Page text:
Zimbabweans to protest N. Korean soccer team visit

HARARE, Zimbabwe (AP) — A Zimbabwean opposition group said Thursday it will protest against North Korean soccer players when they come to train here ahead of the World Cup because of North Korea's role in the massacres of tens of thousands of Zimbabweans in the 1980s.

Up to 40,000 civilians were massacred by an army brigade trained by North Korean instructors in western Zimbabwe's Matabeleland province during a five-year uprising.

"We have not forgiven them for that. We are totally opposed to the North Koreans coming to any part of Zimbabwe. We don't want them here. We are going to follow them (to Harare) and demonstrate against them," Methuseli Moyo, spokesman for the Zimbabwe African People's Union party, or ZAPU, told The Associated Press by phone.

North Korea's World Cup soccer team initially was to train in Bulawayo, in Matabeleland province. Zimbabwe Tourism Minister Walter Mzembi said the team now plans to train at a stadium in Harare, the capital, next month ahead of the tournament in neighboring South Africa. Mzembi denied the change of venue was politically motivated and said sporting facilities in Bulawayo were not adequate.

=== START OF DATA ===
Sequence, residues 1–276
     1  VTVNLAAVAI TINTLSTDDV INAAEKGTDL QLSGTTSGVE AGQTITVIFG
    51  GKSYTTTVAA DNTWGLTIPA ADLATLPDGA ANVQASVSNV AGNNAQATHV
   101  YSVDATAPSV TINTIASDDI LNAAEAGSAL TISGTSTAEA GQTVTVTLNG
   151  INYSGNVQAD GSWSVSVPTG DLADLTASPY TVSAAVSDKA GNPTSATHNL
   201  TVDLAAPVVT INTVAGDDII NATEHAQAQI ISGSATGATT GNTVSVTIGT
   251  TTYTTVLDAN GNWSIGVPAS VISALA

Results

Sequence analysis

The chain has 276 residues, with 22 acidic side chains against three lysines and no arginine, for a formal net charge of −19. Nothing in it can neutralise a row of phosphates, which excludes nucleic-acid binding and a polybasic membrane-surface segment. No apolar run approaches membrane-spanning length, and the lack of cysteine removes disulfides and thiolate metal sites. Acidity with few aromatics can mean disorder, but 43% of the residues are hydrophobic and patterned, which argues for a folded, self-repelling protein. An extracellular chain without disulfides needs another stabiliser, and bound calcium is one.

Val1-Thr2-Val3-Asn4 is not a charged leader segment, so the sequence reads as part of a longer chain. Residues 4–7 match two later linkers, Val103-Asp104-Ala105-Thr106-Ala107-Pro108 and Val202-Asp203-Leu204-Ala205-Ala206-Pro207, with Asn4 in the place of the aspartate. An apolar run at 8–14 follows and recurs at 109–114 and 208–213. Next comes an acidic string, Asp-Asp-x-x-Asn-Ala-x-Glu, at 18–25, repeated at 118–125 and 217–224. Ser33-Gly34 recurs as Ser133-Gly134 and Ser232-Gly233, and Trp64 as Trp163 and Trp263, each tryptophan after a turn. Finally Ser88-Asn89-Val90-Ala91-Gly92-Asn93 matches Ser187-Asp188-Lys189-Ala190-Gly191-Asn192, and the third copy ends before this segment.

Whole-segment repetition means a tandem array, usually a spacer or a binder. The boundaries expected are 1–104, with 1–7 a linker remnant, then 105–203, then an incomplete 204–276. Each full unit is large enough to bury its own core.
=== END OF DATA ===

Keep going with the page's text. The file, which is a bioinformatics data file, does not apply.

ZAPU, which is based in western Zimbabwe, said the whole affair has reopened wounds for families of victims massacred by troops loyal to President Robert Mugabe — a longtime ally of North Korea.

Troops were trained and commanded by North Koreans to crush the uprising after Zimbabwe won independence from colonial-era rule in 1980. Some human rights activists liken the five-year purge to genocide. Parts of Matabeleland were blocked from access to medicine and food during a drought.

The uprising ended when Mugabe signed a peace pact with ZAPU rebels and made party leader Joshua Nkomo a vice president in 1987.

Sports Minister David Coltart said Thursday the dates of the North Koreans' visit are still to be confirmed.

"It is important that the Zimbabwe government deals with this matter in a very sensitive way and does not ignore the history of North Korea here, and does not do anything that might inflame passions or reopen old wounds," he said.

But he added: "I don't think it is right to attack a group of young players for what happened 27 years ago in this country."

North Korea has qualified for its first World Cup since 1966 and will play Brazil, Portugal and Ivory Coast at the 2010 World Cup in what is probably the toughest of the eight competing groups.

Coltart described as speculation reports that North Korean team managers favored staying in Zimbabwe in the run-up to the World Cup amid fears some players might defect if they went elsewhere.